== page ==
Featurette: "Dressed in White: Angie Dickinson on Dressed to Kill" (HD, 30 minutes) - Dickinson calls the part of Kate Miller "the best acting job I ever did" in this absorbing 2012 interview that covers her admiration for De Palma, the infamous shower scene, and the challenges of shooting the museum, taxi cab, and elevator sequences.
Featurette: "Dressed in Purple: Nancy Allen on Dressed to Kill" (HD, 23 minutes) - "A great gift" is how Allen describes the part of Liz Blake in this 2012 interview that focuses on the costumes of Ann Roth, her brief on-screen moments with Dickinson, the symbiotic relationship between the cast and crew, the difficulty of shooting the climactic scene with Caine, and the controversies over the film's rating and violence against women.
Featurette: "Lessons in Filmmaking: Keith Gordon on Dressed to Kill" (HD, 31 minutes) - Gordon recalls Dressed to Kill as "a seminal experience in filmmaking for me" in this insightful 2012 interview that examines the movie's technical aspects and De Palma's style. He compares and contrasts De Palma and Hitchcock, talks about the editing process and the importance of the split diopter in a film that focuses on split personality, praises De Palma's subtle bits of artistry, and defends De Palma against the charges of misogyny and "ripping off Hitchcock" that dogged him after the movie was released. He also looks at the elevator scene in Dressed to Kill vis-a-vis the shower sequence in Psycho, addresses some misconceptions about Dressed to Kill that persist to this today, and even goes so far as to say Dressed to Kill could be considered a feminist film.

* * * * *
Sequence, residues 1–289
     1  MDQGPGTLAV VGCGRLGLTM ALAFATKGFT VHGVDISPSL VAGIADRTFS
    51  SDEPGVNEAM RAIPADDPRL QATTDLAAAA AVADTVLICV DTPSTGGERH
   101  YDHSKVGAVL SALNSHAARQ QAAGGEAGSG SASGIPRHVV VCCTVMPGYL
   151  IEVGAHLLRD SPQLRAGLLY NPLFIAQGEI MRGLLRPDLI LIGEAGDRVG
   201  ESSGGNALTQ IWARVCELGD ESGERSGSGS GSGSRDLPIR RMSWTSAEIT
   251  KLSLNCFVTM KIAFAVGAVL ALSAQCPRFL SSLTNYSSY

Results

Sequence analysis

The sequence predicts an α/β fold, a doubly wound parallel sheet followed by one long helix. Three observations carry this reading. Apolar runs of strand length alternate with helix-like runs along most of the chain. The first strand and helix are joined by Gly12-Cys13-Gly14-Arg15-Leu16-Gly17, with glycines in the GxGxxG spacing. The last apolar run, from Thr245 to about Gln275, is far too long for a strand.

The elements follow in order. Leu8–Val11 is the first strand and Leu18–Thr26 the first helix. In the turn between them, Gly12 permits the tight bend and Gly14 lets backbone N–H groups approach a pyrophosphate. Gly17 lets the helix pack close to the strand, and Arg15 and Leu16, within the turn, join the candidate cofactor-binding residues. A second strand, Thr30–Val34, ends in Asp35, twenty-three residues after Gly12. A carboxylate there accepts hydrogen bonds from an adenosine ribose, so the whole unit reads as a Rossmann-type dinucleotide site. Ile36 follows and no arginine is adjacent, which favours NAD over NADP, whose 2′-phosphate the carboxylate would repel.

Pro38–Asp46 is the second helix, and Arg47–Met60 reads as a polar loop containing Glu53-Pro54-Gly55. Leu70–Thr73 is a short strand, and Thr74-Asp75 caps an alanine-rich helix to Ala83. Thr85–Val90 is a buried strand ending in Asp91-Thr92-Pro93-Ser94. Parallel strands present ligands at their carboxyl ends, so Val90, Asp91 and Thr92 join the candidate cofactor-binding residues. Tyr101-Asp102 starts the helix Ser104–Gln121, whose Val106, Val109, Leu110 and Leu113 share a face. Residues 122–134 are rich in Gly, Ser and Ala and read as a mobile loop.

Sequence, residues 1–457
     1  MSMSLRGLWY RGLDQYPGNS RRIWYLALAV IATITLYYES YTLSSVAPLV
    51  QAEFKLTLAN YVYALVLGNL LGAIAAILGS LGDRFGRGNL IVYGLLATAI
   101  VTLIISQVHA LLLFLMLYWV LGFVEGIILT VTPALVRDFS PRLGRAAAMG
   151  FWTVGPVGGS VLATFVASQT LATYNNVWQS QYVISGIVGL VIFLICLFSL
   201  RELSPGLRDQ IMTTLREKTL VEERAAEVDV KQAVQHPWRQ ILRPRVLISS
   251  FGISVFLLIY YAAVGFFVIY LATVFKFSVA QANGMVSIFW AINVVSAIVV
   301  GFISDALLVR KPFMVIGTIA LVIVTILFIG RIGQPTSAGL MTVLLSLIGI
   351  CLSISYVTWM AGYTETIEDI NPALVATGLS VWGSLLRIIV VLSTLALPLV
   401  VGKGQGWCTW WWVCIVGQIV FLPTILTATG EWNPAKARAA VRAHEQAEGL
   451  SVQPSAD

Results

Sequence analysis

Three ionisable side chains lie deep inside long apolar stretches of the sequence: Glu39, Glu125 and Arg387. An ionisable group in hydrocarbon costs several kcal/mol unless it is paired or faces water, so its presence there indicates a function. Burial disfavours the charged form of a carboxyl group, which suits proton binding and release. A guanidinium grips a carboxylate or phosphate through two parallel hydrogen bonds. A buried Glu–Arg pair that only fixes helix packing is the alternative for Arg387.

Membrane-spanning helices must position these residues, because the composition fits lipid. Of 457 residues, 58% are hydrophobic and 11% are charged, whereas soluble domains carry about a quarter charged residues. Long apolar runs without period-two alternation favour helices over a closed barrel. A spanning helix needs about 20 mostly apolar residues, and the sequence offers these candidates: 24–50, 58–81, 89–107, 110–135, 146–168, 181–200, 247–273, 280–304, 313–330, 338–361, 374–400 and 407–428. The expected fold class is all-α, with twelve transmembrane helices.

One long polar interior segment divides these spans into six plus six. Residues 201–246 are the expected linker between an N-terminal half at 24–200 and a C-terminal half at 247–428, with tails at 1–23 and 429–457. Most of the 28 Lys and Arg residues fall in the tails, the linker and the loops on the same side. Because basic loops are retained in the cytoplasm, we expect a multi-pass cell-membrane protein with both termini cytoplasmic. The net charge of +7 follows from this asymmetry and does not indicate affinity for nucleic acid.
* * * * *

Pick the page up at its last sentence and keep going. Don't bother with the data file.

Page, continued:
Documentary: "The Making of Dressed to Kill" (SD, 44 minutes) - In his review of the 2015 Criterion edition Blu-ray, my colleague M. Enois Duarte calls this 2001 documentary "an insightful and entertaining retrospective with cast and crew interviews, except Michael Caine never makes an appearance. It's a very enjoyable listen as everyone reflects on the production, story and working on this particular set, with De Palma and Dickinson being the standouts."
Featurette: "Slashing Dressed to Kill" (SD, 10 minutes) - De Palma, Allen, Litto, Dickinson, and Gordon talk about the cuts, editing, and dubbing required to achieve an R rating from the MPAA, the misogynistic controversy surrounding the film, and the media accusations of copying Hitchcock in this 2001 featurette.
Unrated/R-Rated/TV-Rated Comparison (SD, 5 minutes) - This brief piece from 2001 uses split screens to compare the various versions of the movie.
Featurette: "Dressed to Kill: An Appreciation by Keith Gordon" (SD, 6 minutes) - The actor-turned-director honors De Palma's artistry, discusses the movie's themes, and analyzes a few key sequences in this reverent 2001 tribute.
Archival Audio Interviews (23 minutes) - Recorded in 1980, these three audio interviews allow Michael Caine, Angie Dickinson, and Nancy Allen the chance to talk about their respective characters, De Palma's style and perfectionism, working on location in New York City, the film's provocative nature, and the difference between movie and TV violence. At 14 minutes, Allen's interview is the most extensive and covers a number of additional topics, including prostitution, her desire to someday play actress Frances Farmer, and her views on the Equal Rights Amendment.
Trailers (HD and SD, 9 minutes) - The film's original theatrical trailer (in HD), a teaser trailer, three TV spots, and six radio spots, as well as several previews for other Kino releases complete the extensive extras package.
Dressed to Kill is just that on 4K UHD. Kino's terrific, brand-new Dolby Vision/HDR transfer struck from a 4K scan of the film's original camera negative instantly takes its place as the finest home video rendering of writer-director Brian De Palma's fascinating, frightening, and graphic thriller. Excellent audio and a huge supplemental package add to the appeal of this top-notch presentation of a captivating and controversial film. Highly Recommended.